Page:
Regex like search in action: If at path something exists? in a Folder containing ~1000 image files

Currently I am using an If condition to check if something at path exists like this:


I want to be able to search for any file that contains MyPhrase in its name.

Probably something like ~SomeFolder/*MyPhrase*.png

Eg I want it to look for "MyPhrase.png" as well as "variable prefix MyPhrase.png" or "MyPhrase variable suffix.png" (basically any file that contains "MyPhrase" in the file name)

Thanks in anticipation

cd "/Users/$USER/Path/To/Folder/"
ls "*$(cat)*.png"

You can leave $USER in, or substitute it for your username (home folder). This will return a list, one file per line.

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Hey @forums2012,

In general I like to use the Unix find command for this sort of thing. It was designed to do exactly this sort of job.

I've broken up the parts of the command using the Bash continuation character “\” to place them one per line for easy viewing and identification.

find		== Unix command.
~/test...	== Target dir.
-type f		== Restricts to finding ‘files’.
-depth 1	== Prevents descent into any sub-directories.
-iname		== Case-insensitive name (can use wildcards).

** The main pitfall of Unix commands for this sort of thing on macOS is that they can descend into package files that are really directories like .app “files”. If you need to avoid packages then we have a very good AppleScriptObjC solution.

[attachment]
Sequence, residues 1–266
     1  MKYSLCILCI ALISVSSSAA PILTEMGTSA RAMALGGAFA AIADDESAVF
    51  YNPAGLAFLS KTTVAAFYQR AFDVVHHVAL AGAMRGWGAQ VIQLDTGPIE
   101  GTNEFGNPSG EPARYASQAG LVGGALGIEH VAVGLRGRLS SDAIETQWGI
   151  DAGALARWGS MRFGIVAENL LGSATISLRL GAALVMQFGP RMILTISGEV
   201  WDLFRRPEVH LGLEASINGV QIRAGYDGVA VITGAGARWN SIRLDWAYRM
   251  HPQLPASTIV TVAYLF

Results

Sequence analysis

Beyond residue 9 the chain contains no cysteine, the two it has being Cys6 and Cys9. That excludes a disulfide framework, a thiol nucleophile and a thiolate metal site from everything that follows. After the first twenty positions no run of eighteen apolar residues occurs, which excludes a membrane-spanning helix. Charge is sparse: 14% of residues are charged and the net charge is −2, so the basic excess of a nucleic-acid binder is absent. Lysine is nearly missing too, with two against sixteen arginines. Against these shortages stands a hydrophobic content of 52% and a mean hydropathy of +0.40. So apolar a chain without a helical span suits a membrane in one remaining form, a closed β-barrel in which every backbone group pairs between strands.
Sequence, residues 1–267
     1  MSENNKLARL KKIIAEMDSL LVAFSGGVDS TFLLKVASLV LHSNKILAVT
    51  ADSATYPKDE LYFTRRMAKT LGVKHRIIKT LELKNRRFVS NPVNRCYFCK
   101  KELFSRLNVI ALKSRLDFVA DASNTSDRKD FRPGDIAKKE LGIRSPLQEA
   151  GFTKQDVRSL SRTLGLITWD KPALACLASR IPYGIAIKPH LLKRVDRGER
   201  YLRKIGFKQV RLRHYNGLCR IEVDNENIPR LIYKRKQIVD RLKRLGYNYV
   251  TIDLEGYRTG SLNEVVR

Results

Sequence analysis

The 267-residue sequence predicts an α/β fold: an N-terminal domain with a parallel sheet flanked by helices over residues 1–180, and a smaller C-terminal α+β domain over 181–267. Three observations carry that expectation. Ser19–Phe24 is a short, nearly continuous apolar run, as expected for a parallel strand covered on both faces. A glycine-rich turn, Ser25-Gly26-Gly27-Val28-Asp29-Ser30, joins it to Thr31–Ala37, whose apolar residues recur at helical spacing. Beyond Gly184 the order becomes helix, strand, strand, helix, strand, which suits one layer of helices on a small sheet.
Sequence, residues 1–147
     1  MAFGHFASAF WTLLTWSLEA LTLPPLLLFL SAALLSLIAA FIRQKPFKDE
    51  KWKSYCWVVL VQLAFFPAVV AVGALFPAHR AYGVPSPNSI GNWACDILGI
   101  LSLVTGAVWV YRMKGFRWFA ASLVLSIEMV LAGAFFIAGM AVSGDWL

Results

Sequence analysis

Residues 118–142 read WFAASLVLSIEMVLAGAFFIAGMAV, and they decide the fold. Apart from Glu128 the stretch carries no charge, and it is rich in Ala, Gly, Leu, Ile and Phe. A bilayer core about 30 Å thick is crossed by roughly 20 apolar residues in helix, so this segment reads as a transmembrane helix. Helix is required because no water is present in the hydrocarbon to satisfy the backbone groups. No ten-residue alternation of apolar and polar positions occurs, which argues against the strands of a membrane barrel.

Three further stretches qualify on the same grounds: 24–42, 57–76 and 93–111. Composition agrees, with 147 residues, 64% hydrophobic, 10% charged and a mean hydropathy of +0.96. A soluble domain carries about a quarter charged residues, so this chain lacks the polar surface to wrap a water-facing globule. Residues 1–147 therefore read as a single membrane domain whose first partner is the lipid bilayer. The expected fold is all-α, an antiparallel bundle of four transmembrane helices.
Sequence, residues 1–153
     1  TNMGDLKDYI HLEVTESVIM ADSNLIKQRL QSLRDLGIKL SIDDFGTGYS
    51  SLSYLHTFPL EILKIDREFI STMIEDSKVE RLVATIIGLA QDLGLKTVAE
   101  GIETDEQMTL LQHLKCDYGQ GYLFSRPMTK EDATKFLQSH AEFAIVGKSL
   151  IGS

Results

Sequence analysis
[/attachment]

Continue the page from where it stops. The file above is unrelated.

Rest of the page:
The way I've written the find command will return the full-path to each found file, although it can be restricted to returning only file names.


Find Files in a Directory with Wildcards in the File-Name.kmmacros (4.6 KB)


Chris, I too really like the Bash ⟦find⟧ command.

I thought there was a way to exclude packages, but I was wrong.
After substantial research and testing, I posted this question at
How Do I Exclude Package Files (Directories) from Bash Mac find?

Maybe someone will come up with a way to do this.

Hey JM,

There is a method that requires excluding file types via file suffixes.

It's not convenient, but it's doable.

Courtesy of Axel Luttgens back in 2015 on the Applescript Users List:

find -E ~/Documents -type d \( \( -iregex '.*\.(xcodeproj|deps|nib|app|pbproj|fs|ppp|workflow|xcode|xcdatamodel|pkg|bundle|lpdf|kext|dSYM|wdgt|settings|trace|Patch|split|rtfd|scptd)$' -and -prune \) -or -print \)

This will find subdirectories in a given directory and exclude the named packages.


Hey Folks,

Here's the original thread on the Applescript Users List: